New Economics Papers
on Neuroeconomics
Issue of 2014‒05‒17
four papers chosen by

  1. Economic Behavior under Alcohol Influence: An Experiment on Time, Risk, and Social Preferences By L. Corazzini; A. Filippin; P. Vanin
  2. Wealth gradients in early childhood cognitive development in five Latin American countries By Norbert Schady; Jere Behrman; Maria Caridad Araujo; Raquel Bernal
  3. Fairness is Intuitive By Alexander W. Cappelen; Ulrik H. Nielsen; Bertil Tungodden; Jean-Robert Tyran; Erik Wengström
  4. The Effects of Personality Traits and Behavioral Characteristics on Schooling, Earnings, and Career Promotion By LEE SunYoun; OHTAKE Fumio

  1. By: L. Corazzini; A. Filippin; P. Vanin
    Abstract: We report results from an incentivized laboratory experiment to provide controlled evidence on the causal effects of alcohol consumption on risk preferences, time perception and altruism. Our design allows disentangling the pharmacological effects of alcohol intoxication from those mediated by expectations, as we compare behaviors of three groups of subjects: those participating to an experiment with no reference to alcohol, those exposed to the possibility of consuming alcohol but assigned to a placebo and those having effectively consumed alcohol. Once randomly assigned to one treatment, subjects were administered a series of consecutive economic tasks, being the sequence kept constant across treatments. After controlling for both the willingness to pay and the potential misperception of probabilities as elicited in the experiment, we do not detect any effect of alcohol in depleting subjects’ risk tolerance. On the contrary, we find that alcohol intoxication increases impatience. Moreover, we find that alcohol makes subjects less generous as we detect a negative relationship between the blood alcohol concentration and the amount of money donated to NGOs.
    JEL: D03 I10 C91
    Date: 2014–05
  2. By: Norbert Schady; Jere Behrman; Maria Caridad Araujo; Raquel Bernal
    Abstract: Abstract Research from the United States shows that gaps in early cognitive and non-cognitive ability appear early in the life cycle. Little is known about this important question for developing countries. This paper provides new evidence of sharp differences in cognitive development by socioeconomic status in early childhood for five Latin American countries. To help with comparability, we use the same measure of receptive language ability for all five countries. We find important differences in development in early childhood across countries, and steep socioeconomic gradients within every country. For the three countries where we can follow children over time, there are few substantive changes in scores once children enter school. Our results are robust to different ways of defining socioeconomic status, to different ways of standardizing outcomes, and to selective non-response on our measure of cognitive development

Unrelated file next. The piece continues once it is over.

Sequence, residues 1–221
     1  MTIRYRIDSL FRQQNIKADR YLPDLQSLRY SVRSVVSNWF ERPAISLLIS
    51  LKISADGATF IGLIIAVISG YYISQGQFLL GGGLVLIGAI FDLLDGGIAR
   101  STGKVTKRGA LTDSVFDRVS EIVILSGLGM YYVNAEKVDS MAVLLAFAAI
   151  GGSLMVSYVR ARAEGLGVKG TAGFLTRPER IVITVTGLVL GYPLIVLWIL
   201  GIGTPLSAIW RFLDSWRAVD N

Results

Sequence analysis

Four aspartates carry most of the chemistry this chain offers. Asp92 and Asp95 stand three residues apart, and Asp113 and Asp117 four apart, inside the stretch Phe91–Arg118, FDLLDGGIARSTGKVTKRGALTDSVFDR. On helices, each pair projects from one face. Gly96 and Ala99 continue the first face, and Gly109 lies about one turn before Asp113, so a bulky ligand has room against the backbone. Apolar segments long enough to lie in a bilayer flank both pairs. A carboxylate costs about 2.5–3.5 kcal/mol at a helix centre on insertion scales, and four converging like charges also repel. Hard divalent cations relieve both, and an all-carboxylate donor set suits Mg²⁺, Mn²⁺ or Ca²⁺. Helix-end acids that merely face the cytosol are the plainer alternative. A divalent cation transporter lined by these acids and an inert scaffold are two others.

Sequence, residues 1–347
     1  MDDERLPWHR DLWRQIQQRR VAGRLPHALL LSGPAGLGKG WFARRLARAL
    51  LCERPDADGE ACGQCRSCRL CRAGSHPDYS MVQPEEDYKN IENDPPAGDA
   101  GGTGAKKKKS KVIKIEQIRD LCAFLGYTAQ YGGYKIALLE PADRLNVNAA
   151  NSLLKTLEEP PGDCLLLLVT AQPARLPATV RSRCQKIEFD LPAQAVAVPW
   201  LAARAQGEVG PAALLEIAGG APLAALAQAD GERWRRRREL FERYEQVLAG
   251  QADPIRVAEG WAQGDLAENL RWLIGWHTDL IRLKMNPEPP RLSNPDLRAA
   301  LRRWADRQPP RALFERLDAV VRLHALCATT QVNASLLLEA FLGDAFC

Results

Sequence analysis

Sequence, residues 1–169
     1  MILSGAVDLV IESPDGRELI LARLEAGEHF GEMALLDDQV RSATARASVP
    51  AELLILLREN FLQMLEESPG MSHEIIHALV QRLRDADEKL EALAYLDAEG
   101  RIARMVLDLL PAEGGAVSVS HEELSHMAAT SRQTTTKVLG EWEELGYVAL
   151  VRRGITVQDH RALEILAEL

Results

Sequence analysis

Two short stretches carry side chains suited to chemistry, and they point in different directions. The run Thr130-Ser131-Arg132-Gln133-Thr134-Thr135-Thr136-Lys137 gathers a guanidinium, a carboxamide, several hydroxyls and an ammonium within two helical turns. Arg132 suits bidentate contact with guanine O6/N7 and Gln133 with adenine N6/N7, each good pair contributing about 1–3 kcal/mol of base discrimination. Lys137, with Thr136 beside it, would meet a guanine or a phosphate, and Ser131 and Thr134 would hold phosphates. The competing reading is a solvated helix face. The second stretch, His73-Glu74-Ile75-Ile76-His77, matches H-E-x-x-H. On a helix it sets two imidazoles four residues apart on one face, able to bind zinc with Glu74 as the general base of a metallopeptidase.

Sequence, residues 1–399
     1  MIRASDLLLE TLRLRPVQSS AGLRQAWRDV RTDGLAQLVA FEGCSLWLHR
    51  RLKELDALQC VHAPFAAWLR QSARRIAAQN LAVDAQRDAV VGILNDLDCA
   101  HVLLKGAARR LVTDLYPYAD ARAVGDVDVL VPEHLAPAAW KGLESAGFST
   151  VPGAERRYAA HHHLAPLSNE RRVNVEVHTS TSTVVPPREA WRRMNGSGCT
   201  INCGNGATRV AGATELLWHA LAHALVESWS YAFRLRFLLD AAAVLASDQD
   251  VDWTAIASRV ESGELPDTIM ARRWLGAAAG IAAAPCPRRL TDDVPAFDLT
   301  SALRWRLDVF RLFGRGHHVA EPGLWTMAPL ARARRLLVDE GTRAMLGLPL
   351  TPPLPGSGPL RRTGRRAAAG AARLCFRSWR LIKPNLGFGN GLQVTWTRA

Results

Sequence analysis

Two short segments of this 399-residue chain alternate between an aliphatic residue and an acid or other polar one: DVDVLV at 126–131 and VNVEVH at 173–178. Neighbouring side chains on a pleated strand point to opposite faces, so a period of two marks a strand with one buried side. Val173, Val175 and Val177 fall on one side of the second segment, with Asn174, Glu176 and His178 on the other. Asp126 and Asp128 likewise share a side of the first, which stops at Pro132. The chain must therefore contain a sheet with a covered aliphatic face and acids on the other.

Keywords: early childhood, socioeconomic gaps, Latin-American
    JEL: J13 I38
    Date: 2014–04–24
  3. By: Alexander W. Cappelen (Department of Economics, Copenhagen University); Ulrik H. Nielsen (Department of Economics, Copenhagen University); Bertil Tungodden (Norwegian School of Economics); Jean-Robert Tyran (Department of Economics, Copenhagen University); Erik Wengström (Department of Economics, Copenhagen University)
    Abstract: In this paper we provide new evidence showing that fair behavior is intuitive to most people. We find a strong association between a short response time and fair behavior in the dictator game. This association is robust to controls that take account of the fact that response time might be affected by the decision-maker's cognitive ability and swiftness. The experiment was conducted with a large and heterogeneous sample recruited from the general population in Denmark. We find a striking similarity in the association between response time and fair behavior across groups in the society, which suggests that the predisposition to act fairly is a general human trait.
    Keywords: Response Time, Dictator Game, Experiment, Fairness
    JEL: C90 D03 D60
    Date: 2014–04–02
  4. By: LEE SunYoun; OHTAKE Fumio
    Abstract: By analyzing the Japanese and U.S. survey data, this study investigates whether non-cognitive skills, as measured by Big 5 personality traits and behavioral characteristics indicated by risk aversion rate, time discount rate, and (over) confidence, explain the variation in educational and labor market outcomes. The obtained results indicate that non-cognitive skills, as well as behavioral characteristics, account for a significant portion in explaining the variation in schooling, wages, and career promotion. Some interesting country differences, particularly in educational attainment, are found in agreeableness and consciousness, which may suggest the existence of country-specific, non-cognitive determinants of educational success. With respect to labor market outcomes, in both Japan and the United States, conscientiousness seems to contribute to male earnings, whereas extraversion and emotional stability are more important predictors of female earnings. For career promotion, extraversion is an important determinant for the probability of being promoted to a management position among males in both countries. The overall findings suggest that personality traits are associated with educational and career success to different degrees between countries and genders.
    Date: 2014–05

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